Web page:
i-gel® from Intersurgical: clinical evidence listing

A comprehensive list of all known published clinical evidence on the device

A cohort evaluation of the paediatric i-gel® airway during anaesthesia in 120 children

Beringer R, Kelly F, Cook T, Nolan J, Hardy R, Simpson T, White M. Anaesthesia 2012; 66(12): 1121-1126

120 children up to 13 years of age were studied using the paediatric i-gel® during general anaesthesia to assess efficacy and usability. Insertion success and number of attempts, ventilation, leak pressure and fibreoptic view were all recorded. Airway manipulations and complications were also noted. In 94% of children the i-gel® was inserted and a clear airway maintained without complication.

Link to abstract.

Insertion of six different supraglottic airway devices whilst wearing chemical, biological, radiation, nuclear-personal protective equipment: a manikin study

Castle N, Pillay Y, Spencer N. Anaesthesia 2011; 66(11): 983-8

Six different supraglottic airway devices, including i-gel®, were tested by 58 paramedics for speed and ease of insertion in a manikin, whilst wearing either a standard uniform or chemical, biological, radiation, nuclear-person protective equipment (CBRN-PPE). During the latter test, i-gel® was the fastest of the six to insert with a mean insertion time of 19 seconds. Overall, the wearing of CBRN-PPE has a detrimental effect on insertion time of supraglottic airways.

Link to abstract.

 

 

 

The use of i-gel® extraglottic airway during percutaneous dilatational tracheostomy: a case series

Corso RM, Piraccini E, Agnoletti V, Baccanelli M, Coffa A, Gambale G. Minerva Anaestesiol 2011; 77(8): 852-3

The i-gel® was used in eight patients for tracheostomy. Patients were extubated and the ET tube was replaced with the i-gel®. A percutaneous tracheostomy kit was then advanced to the second tracheal ring and the procedure was performed. Arterial pressure, PaO2/FiO2, minute ventilation and airway pressure were measured before, during and after tracheostomy. There were no significant differences in ventilatory and haemodynamic parameters. Use of the i-gel® was successful in seven of eight patients. The i-gel® provided better views of the glottis compared to the cLMA and ventilation was comparable to the ET tube. Large trials must take place to determine whether a one in eight failure rate remains.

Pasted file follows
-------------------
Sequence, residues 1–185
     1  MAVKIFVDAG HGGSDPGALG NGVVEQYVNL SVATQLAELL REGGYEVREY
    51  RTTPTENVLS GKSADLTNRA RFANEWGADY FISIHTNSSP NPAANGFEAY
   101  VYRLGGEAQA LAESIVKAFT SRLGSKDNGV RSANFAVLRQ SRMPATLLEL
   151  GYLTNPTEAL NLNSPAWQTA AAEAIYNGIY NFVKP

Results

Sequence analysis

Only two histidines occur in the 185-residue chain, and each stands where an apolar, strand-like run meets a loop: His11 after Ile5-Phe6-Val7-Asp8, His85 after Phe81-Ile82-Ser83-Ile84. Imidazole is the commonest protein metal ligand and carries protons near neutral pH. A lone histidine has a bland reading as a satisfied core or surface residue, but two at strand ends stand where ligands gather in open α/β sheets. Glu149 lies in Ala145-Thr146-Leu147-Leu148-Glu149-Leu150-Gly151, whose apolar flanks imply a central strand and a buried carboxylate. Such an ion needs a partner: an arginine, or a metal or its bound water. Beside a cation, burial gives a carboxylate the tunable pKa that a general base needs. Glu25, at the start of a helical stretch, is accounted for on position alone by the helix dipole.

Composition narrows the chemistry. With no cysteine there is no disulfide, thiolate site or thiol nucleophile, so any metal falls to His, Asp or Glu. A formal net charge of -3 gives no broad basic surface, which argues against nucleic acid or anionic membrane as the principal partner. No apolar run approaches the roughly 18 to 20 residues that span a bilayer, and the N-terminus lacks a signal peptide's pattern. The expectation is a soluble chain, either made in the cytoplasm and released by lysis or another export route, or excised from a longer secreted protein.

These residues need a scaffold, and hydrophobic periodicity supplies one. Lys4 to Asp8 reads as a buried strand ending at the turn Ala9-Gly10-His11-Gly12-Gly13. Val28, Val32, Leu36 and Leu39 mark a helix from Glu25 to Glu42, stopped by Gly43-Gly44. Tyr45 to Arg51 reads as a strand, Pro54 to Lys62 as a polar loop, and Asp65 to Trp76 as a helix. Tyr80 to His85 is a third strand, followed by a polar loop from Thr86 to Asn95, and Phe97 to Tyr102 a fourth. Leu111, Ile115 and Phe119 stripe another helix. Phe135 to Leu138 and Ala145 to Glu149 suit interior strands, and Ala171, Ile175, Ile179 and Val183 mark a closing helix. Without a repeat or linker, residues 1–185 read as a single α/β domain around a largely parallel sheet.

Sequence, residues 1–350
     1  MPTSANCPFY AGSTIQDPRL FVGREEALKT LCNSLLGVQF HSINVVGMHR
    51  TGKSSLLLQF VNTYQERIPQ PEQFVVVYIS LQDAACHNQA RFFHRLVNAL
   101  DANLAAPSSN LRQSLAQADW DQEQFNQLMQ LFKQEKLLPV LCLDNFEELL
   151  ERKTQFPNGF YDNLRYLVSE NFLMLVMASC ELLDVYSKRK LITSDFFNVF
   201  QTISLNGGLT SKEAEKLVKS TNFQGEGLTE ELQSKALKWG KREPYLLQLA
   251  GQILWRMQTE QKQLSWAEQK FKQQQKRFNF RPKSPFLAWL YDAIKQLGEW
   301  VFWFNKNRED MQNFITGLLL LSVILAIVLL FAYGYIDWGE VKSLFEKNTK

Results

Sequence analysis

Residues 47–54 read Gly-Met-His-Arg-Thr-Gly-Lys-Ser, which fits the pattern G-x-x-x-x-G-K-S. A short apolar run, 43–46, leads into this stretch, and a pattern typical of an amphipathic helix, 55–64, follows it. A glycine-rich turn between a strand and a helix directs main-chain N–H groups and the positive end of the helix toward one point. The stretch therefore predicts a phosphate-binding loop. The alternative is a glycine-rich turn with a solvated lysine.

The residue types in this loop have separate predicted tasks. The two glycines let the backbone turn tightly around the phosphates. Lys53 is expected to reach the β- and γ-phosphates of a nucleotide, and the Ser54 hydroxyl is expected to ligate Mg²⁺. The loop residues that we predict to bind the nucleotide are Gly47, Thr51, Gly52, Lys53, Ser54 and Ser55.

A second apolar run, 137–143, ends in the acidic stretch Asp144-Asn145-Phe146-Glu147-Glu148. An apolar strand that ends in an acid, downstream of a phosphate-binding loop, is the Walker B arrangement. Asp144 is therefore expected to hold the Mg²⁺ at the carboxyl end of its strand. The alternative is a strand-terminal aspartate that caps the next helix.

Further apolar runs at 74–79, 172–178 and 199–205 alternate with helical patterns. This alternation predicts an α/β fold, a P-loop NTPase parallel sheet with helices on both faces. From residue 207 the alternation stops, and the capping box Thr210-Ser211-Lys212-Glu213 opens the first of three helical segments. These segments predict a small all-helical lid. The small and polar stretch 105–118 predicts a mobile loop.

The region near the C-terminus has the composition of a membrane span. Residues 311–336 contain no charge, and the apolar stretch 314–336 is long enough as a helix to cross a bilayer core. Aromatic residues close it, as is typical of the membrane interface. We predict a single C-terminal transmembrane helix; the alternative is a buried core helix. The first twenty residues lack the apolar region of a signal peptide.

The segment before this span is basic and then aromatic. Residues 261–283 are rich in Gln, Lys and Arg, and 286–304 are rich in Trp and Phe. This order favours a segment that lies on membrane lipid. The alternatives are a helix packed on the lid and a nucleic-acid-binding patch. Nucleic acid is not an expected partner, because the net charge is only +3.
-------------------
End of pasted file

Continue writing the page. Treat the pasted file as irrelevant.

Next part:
Abstract text

The influence of head and neck position on ventilation with the i-gel® airway in paralysed, anaesthetised patients

Sanuki T, Uda R, Sugioka S, Daigo E, Son H, Akatsuka M, Kotani J. Eur J Anaesthesiol. 2011 Aug;28(8):597-9

20 adult patients scheduled for oral surgery were ventilated using the i-gel®. Leak pressure, ventilation score and fibreoptic view were measured with the patient’s head and neck in neutral position, extended position, flexion and rotated to the right. Leak pressure was higher during flexion, lower during extension and comparable to neutral position during rotation. Ventilation score was significantly worse during flexion. Fibreoptic view was not affected by head and neck position. The authors recommend that the i-gel® is not used in cases where head and neck flexion is likely, but they state that it is otherwise suitable for surgery where the head is moved.

Link to abstract.

 

Randomized clinical trial of the i-gel® and Magill tracheal tube or single-use ILMA® and ILMA® tracheal tube for blind intubation in anaesthetized patients with a predicted difficult airway.

Theiler L, Kleine-Brueggeney M, Urwyler N, Graf T, Luyet C, Greif R. Br J Anaesth 2011; 107(2): 243-250

A prospective, randomised, controlled trial comparing the success rate of blind tracheal intubation with a Magill PVC tube through i-gel®. Corresponding tracheal tube was introduced under fibreoptic visualization, but without guidance. Primary outcome was intubation success rate.

Abstract text